Authorities think this summer is going to be average for wildfire activity.
Despite a cool, wet winter, that still means about 4,000 small and large fires. And while oncoming El Niño ocean conditions may mean a warmer than usual summer, there’s no indication of drought.
But John Saltenberger with the US Fish and Wildlife Service says there is one wild card. The hundreds of thousands of people who’ll be in the Oregon wilderness to watch the solar eclipse on Aug. 21.
"Traditionally we see spikes in the number of human ignitions that come on holiday weekends such as July 4th such as Labor Day. This is going to outstrip all of that," he said.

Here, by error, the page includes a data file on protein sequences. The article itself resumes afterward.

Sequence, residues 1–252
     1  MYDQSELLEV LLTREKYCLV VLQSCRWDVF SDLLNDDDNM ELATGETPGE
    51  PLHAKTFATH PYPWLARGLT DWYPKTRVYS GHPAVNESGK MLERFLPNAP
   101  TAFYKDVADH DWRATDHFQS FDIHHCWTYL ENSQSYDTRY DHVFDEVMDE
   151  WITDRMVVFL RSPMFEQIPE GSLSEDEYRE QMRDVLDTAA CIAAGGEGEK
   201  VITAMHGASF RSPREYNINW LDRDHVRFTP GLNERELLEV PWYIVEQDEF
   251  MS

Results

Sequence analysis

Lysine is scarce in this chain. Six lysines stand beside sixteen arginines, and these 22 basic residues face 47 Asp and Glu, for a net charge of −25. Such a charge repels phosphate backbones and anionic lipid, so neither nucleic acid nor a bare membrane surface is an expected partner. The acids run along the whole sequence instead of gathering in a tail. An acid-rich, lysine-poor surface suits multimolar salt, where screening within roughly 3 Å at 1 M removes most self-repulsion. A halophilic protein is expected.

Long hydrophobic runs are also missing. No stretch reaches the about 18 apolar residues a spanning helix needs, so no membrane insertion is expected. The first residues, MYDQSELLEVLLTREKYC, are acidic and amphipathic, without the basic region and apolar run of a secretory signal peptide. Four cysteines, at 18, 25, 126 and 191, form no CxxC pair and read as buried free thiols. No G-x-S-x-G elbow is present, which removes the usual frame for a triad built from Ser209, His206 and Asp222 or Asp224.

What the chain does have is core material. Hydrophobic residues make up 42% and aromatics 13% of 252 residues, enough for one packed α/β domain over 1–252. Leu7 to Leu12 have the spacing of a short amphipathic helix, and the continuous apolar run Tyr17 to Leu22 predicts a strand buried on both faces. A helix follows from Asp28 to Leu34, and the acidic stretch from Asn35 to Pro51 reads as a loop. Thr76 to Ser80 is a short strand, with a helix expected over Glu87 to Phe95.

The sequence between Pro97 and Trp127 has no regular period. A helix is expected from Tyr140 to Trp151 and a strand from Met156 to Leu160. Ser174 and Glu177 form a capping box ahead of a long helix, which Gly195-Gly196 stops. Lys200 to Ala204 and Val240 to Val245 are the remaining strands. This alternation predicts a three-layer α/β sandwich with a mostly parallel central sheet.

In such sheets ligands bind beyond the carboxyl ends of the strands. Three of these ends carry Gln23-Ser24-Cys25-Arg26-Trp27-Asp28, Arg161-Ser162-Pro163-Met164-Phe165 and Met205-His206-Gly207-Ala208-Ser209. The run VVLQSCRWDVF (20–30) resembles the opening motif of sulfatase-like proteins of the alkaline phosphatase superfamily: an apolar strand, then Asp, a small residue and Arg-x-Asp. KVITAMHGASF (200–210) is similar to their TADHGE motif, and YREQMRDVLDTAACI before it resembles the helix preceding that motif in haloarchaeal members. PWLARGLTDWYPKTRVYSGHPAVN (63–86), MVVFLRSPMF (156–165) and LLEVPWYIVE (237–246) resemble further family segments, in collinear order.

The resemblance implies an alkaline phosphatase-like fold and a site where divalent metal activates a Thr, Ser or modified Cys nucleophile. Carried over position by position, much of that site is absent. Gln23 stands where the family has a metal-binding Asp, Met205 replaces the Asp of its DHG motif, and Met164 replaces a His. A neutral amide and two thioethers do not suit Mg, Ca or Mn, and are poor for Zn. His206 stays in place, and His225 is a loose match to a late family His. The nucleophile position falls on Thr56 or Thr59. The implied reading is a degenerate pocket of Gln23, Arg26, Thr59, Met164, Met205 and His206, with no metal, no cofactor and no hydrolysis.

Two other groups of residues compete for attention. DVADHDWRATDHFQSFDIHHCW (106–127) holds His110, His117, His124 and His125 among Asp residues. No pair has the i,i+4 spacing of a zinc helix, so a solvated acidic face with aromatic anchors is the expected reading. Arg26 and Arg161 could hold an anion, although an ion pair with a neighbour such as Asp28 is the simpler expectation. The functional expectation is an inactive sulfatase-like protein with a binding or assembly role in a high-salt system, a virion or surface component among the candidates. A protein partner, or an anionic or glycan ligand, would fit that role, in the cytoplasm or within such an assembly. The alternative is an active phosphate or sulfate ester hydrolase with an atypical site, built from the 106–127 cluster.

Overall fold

"It’s unprecedented. At this point, I don’t have a feel for how many extra fire starts we may likely suffer during the eclipse event. But it’s not trivial," said Saltenberger.
Saltenberger’s main concern is that the eclipse coincides with really hot, dry, windy conditions.
About half of all wildfires are started by humans. The rest are sparked by lightning.